Since the last post I’ve trained LPCNet using quantised Codec 2 parameters. I’ve also modified the Codec 2 decoder (c2dec) to dump the received features to a disk file so I can use them to synthesise speech using LPCNet.
So now I can decode a Codec 2 bit stream using a LPCNet decoder:
|Original 8kHz sample||Original|
|Codec 2 1300 encoder and Codec 2 decoder||codec2_1300|
|Codec 2 1300 encoder and LPCNet decoder||lpcnet_1300|
|Codec 2 2400 encoder and Codec 2 decoder||codec2_2400|
|Codec 2 2400 encoder and LPCNet decoder||lpcnet_2400|
|Codec 2 unquantised 6th order LSP and LPCNet decoder||lpcnet_6lsps|
I think it sounds pretty good, especially at 2400 bits/s. Even the lpcnet_1300 decoder sounds better than Codec 2 at 2400. LPCNet is much more natural, without the underwater sound of low rate vocoded speech.
The Kleijn et al paper showed NN based synthesises can produce high quality speech from feature sets of legacy vocoders like Codec 2. This implies the legacy vocoders are sending a lot of extra information that is not normally used by the legacy decoder/synthesis algorithms. If high quality speech is not required, it could be argued we are sending “too much” information, and scope exists to reduce the bit rate by coarser quantisation or sending less features.
The lpcnet_6lsps sample uses just 6th order Linear Prediction, in the form of 6 Line Spectral Pairs (LSPs). A LPC order of 10 is common for 8 kHz sampled speech. There is no way 6th order LPC would work (i.e. provide intelligible speech) for any existing LPC based vocoder (CELP, MELP etc). This sample has some odd artefacts; but is intelligible, and also quite natural sounding compared to a vocoder.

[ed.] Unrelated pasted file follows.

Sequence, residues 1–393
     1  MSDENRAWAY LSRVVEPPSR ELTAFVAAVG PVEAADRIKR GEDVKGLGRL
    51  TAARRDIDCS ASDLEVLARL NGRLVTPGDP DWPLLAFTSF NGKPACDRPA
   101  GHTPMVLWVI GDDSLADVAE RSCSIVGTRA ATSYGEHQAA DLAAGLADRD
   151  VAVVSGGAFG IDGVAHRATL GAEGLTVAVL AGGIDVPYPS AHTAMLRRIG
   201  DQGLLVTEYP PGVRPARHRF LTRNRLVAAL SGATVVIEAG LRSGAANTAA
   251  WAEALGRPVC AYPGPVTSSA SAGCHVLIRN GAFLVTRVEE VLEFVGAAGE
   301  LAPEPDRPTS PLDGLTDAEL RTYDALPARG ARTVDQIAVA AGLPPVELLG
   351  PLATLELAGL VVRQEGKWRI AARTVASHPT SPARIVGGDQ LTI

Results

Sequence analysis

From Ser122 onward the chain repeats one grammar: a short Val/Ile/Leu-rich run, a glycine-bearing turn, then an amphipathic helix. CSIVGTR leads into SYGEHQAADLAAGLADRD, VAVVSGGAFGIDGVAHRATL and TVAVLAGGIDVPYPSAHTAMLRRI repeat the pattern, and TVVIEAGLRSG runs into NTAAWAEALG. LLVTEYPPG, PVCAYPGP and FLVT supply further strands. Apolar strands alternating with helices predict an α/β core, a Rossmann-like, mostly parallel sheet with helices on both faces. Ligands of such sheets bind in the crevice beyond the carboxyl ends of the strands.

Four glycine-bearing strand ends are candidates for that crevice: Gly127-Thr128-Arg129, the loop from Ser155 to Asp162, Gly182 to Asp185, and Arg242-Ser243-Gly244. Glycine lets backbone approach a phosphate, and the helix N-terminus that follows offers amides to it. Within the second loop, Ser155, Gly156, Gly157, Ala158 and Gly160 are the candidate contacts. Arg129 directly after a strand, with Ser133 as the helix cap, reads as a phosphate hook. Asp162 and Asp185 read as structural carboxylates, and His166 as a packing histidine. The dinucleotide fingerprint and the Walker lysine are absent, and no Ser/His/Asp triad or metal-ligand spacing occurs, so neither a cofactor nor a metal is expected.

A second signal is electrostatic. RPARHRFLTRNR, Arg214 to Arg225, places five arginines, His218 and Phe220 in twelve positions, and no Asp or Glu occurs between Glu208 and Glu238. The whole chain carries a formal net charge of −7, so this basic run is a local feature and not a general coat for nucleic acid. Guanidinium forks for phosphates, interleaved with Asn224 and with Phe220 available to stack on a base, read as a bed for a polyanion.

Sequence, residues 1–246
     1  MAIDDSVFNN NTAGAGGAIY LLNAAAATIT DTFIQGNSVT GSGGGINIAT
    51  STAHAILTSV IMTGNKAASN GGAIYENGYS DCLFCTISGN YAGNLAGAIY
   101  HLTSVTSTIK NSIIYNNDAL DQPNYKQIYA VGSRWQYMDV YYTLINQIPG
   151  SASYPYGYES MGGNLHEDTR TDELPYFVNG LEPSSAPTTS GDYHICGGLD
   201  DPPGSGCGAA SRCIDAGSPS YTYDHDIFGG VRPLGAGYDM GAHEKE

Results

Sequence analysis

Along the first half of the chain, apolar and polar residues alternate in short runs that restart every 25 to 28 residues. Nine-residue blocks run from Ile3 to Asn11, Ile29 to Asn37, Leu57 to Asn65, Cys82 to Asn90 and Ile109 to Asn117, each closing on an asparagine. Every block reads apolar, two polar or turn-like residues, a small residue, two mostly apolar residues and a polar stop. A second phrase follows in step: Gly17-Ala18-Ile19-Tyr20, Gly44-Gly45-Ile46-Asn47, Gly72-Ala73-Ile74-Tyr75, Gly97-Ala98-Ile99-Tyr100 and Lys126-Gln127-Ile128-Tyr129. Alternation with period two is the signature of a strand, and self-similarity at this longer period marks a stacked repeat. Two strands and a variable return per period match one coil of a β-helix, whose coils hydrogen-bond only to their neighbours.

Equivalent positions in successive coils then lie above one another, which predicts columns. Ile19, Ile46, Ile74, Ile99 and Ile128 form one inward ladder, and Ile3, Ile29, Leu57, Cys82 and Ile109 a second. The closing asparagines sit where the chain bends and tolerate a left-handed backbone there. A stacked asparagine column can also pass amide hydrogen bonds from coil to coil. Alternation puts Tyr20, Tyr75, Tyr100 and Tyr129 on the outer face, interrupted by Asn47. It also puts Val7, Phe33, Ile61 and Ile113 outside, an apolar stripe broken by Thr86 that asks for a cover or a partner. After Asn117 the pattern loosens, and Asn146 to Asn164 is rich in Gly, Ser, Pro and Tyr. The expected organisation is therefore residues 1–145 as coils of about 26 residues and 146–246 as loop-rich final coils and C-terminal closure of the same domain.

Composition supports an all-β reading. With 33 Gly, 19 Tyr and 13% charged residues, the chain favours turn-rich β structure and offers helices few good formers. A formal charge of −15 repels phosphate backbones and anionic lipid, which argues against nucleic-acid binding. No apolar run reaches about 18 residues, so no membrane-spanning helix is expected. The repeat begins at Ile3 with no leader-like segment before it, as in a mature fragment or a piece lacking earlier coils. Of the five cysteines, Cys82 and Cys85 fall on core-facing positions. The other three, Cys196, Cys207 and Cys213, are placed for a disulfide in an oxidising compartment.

Curiously, when the synthesis breaks down (e.g. “depth of the well”), it sounds to me like the pitch is halved. I can hear this on both the male and female segments.
I still have much to learn in this area, but the initial results are promising, especially at 2400 bit/s. The main difference between the Codec 2 feature set at 2400 and 1300 is the update rate, so it would be useful to explore those differences further with a series of tests.
This work is not far from being usable “over the air” as a FreeDV mode, and promises a significant jump in quality. Codec 2 1300 is the vocoder used for FreeDV 1600, so it may be possible to develop a drop in replacement for initial testing.
The “best” (in terms of quality at a given bit rate) encoder and feature set (especially under quantisation) is an open research question. It is amazing that it works with the Codec 2 bit stream at all – we should be able to do better with a custom encoder.